I think for most cameras, save the pro-grade cameras, metering should be independent from the AF point. For instance, spot meter should always be the center few % of viewfinder, regardless of AF point.
 

flipfreak

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Nov 26, 2007
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#6
wah lau. why u asking this type of qns sia! suddenly senile liao issit? this weekend shoot some xmm. confirm ur brain ok.

btw if u wanna achieve a very natural look with your concept, u need like 1200w strobes on location. then sure very nice. 600w shld ok also. u wanna do that for the shoot?
 

m3lv1nh0

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Sep 24, 2007
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#7
No la.. I just want to shoot a person with nice blue sky behind instead of just blown white. I use only Av mode so wondering what's the best way to do it mah.

I will try using exposure lock next time. Thanks guys.
 

May 28, 2008
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#8
cheap and easy.... dun need electric....

~ that's why there's this thing call REFLECTOR ~

seriously, that's why we use it during outdoor photos...
 

reachme2003

Senior Member
Oct 6, 2003
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#9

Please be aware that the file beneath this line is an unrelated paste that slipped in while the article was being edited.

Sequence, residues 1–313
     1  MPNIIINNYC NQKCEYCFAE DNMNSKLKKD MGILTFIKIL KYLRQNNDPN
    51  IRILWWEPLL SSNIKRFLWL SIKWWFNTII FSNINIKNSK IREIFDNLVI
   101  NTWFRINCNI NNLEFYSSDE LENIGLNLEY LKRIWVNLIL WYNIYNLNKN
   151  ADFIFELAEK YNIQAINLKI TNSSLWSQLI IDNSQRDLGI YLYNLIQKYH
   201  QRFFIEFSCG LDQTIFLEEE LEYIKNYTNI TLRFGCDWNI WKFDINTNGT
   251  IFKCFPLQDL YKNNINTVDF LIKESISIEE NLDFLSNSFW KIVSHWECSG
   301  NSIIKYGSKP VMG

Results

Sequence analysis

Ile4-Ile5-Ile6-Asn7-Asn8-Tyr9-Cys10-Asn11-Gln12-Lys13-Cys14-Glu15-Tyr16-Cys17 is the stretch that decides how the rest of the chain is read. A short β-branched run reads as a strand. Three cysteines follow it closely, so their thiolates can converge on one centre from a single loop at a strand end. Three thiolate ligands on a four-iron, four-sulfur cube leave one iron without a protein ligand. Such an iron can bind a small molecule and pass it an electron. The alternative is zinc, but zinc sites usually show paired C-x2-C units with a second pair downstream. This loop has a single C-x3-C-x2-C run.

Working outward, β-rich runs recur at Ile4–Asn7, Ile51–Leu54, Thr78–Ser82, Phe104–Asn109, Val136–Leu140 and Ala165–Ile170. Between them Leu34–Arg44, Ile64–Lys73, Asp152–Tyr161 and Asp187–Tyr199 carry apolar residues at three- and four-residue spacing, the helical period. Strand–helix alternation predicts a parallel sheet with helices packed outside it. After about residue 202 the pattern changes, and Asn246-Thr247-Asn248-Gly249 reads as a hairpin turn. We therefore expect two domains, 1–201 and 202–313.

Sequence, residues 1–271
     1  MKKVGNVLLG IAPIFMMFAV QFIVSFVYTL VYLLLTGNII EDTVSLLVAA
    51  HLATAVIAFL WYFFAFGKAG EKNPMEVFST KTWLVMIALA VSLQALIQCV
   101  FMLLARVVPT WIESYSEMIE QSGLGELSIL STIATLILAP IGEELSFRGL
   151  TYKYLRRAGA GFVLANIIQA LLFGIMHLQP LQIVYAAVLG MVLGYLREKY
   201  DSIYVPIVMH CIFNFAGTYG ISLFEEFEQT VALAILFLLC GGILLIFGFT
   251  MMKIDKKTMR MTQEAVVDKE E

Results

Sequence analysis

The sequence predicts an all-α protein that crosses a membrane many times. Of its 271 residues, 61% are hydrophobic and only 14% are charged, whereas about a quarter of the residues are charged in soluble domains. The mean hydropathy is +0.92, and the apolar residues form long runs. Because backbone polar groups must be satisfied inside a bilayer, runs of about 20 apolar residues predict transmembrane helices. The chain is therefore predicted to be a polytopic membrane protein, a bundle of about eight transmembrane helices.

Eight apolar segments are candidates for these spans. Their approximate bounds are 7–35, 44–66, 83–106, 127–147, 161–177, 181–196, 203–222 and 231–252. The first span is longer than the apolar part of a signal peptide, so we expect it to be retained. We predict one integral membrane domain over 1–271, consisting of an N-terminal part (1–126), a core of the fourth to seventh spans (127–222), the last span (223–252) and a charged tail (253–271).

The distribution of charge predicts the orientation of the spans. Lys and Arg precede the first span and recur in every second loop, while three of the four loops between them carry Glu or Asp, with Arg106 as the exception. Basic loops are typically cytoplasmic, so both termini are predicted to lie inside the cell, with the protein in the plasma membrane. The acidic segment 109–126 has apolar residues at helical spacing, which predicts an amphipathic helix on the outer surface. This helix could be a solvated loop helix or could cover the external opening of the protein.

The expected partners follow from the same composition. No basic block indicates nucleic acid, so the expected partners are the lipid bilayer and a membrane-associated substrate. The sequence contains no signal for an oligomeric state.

use manual mode. measure sky exposure. set camera settings accordingly. measure foreground exposure. it is likely to be underexposed relative to your camera settings. raise light level of yr model in the foreground to match camera settings. bravo, both well exposed!
 

fergo

New Member
Mar 19, 2007
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#10
No la.. I just want to shoot a person with nice blue sky behind instead of just blown white. I use only Av mode so wondering what's the best way to do it mah.

I will try using exposure lock next time. Thanks guys.
i dun know how most guys here do it but wat i do is i meter for the background and use an external flash to light up ur subject. remember not to over power ur flash! the result will look like it comes from a PnS in auto mode. ;)
 

Rashkae

Senior Member
Nov 28, 2005
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#11
Barring any reflectors or flashes, if your camera has DRO you can get a good balance, but at the expense of ISO noise.

HDR is the best bet here, though requires more post-processing.
 

Apr 6, 2008
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#12
Shoot in RAW, convert into multiple exposures, use individual files to 'brighten' foreground and still keep the sky properly exposed. I think this is a very good way to do it.
 

fergo

New Member
Mar 19, 2007
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#13
HDR is good.. but if its a snapshot.. think its pretty troublesome. (tripod, multiple exposure etc)
if its some kind of outdoor event ie. private bday parties, bbq at ECP etc etc. i dun think HDR would be a good choice or for that matter reflectors.

probably a single raw den use PS to split into 3 exposures. result definitely not as ideal as 3 raws ;)